Connecting the dots from Gaza to Grenfell

Connecting the dots from Gaza to Grenfell
5 min read
17 Jun, 2021
Opinion: The Arconic factory protest this week exposed the explicit links between systems of oppression - and solidarity - from Gaza to Grenfell, writes Malia Bouattia.
Activists 'occupied' Arconic in Birmingham on the anniversary of the Grenfell disaster [VX Pictures]

Earlier this week, as Palestine activists stormed the Arconic factory - the company that supplied the flammable cladding that was used to deck Grenfell Tower - onlookers didn't immediately understand the connection. The action, however, could not have been more timely.

Palestine Action attempted the shutdown of the company's site in Kitts Green, Birmingham on the fourth anniversary of the Grenfell Tower fire that killed 72 people. Activists barricaded doors, sprayed red paint on the factory's building and flew the Palestine flag from the roof.

In a statement, the organisers explained the connection between their solidarity efforts for Palestine, and with those who had been impacted by the Grenfell tragedy. Arconic's products were not only complicit in the Grenfell fire, but the company also supplies parts for Boeing Apache Helicopters and Lockheed Martin F-35 Fighter Jets, which have been used by Israel in their colonial violence against the Palestinian people.

Arconic's proximity to the UK's right-wing government adds another sordid layer to the story of the role it has played in the suffering of countless people at home and abroad. In December of last year, it was reported that Elliot Advisors UK, a major shareholder in the company, had donated close to £25,000 to Boris Johnson and the Conservative Party.

"The fight for justice and accountability over those needlessly killed from West London to Gaza reaches directly to the corridors of power"

The fight for justice and accountability over those needlessly killed from West London to Gaza reaches directly to the corridors of power.

Many in the West Midlands showed their solidarity and came out on the streets of Birmingham to protest Israel's recent 11-day military onslaught on Gaza, and hundreds more joined the activists outside the factory in a direct show of support. This community presence was especially important in the face of aggressive police actions and arrests of members of Palestine Action, and protesters who had blockaded the road outside the factory helped prolong efforts to shut down the site. Even the local fire brigade, who refused to remove protesters taking action, put on a show of solidarity.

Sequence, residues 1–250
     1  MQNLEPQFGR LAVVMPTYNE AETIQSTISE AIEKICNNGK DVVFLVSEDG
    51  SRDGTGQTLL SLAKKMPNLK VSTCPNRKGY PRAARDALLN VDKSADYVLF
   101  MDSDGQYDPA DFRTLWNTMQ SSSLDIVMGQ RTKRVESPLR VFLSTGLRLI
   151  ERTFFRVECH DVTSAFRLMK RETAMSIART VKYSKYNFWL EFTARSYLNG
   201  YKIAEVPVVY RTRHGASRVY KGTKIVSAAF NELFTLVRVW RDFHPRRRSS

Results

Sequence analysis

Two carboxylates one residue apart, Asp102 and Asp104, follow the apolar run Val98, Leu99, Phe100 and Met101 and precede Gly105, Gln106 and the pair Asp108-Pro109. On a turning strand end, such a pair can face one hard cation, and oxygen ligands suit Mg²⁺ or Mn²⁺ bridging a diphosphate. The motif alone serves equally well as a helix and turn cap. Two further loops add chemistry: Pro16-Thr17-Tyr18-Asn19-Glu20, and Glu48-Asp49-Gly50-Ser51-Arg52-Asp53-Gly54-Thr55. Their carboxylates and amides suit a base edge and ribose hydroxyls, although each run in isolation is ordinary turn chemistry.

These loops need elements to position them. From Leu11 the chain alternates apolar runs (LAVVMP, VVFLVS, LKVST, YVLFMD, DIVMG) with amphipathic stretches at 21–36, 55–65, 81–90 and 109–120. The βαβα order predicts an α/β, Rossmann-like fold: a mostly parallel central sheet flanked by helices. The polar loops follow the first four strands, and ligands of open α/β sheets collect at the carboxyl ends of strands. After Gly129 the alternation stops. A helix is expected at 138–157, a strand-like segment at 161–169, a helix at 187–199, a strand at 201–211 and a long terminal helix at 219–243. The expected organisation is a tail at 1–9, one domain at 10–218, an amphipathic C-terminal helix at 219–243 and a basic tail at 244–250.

Clearly, the momentum built during pro-Palestine actions in the region is not a one-time burst of anger. People recognise that injustice must be fought continuously and that this can only happen by applying direct pressure, even in the face of aggressive state repression. The show in solidarity also demonstrates that anger over international as well as local injustices does not disappear with a changing news cycle or the passing of time. Justice delayed is justice denied, as the slogan has it. 

The pandemic has caused so much unnecessary death and has highlighted existing injustices in so many ways, that people have been forced to look at the widespread systems of exclusion and oppression. The global nature of the crisis has shown that from the economy to security and healthcare, those issues don't stop at our borders.

The shared interests among the most powerful lead to the oppression, exploitation and harm of millions. This also means that we - from Palestine to Grenfell, and across the world - have shared enemies, and the past year has helped us connect the dots in terms of the struggles and violence that people face around the world.

"The past year has helped us connect the dots in terms of the struggles and violence that people face around the world"

In just the space of a year, we've seen Black Lives Matter mass protests last summer, rallies addressing police and gendered violence following the killing of Sarah Everard, demonstrations calling to #Killthebill in the face of our government proposing further state repression, and UK-wide opposition to Israel's attacks on Gaza by hundreds of thousands taking to the streets. The violence of the system is staring us all in the face, time and time again, and people are collectively learning the lesson that power concedes nothing without demand, to quote Frederik Douglass.

The challenge now is to channel the energy and consciousness which has matured in the last few years so that our future mobilisations are not only a response to tragedy after it strikes. We must take heed of the example of Palestine Action and their ability - despite the pandemic and its ongoing restrictions - to repeatedly shut down Elbit sites across the country.

In addition, their commitment to constantly work across coalitions, to build a more durable, visible bridge between struggles nationally and internationally even when they are small in numbers, is an important model for us all to follow.

If the same people who rule us and fail to fund and protect our healthcare system, cosy up and facilitate the actions of those who murder through neglect at home, while supporting and arming those who murder through colonial violence abroad - then we cannot be free without bringing them all down.

Our liberation is directly connected, materially, with that of the people of Palestine - and vice versa. The Palestine Action activists are paving the way, it is up to us to respond to their call or stand by in silence.   

Malia Bouattia is an activist, a former president of the National Union of Students, and co-founder of the Students not Suspects/Educators not Informants Network.

Follow her on Twitter: @MaliaBouattia

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Opinions expressed here are the author's own and do not necessarily reflect those of her employer, or The New Arab and its editorial board or staff.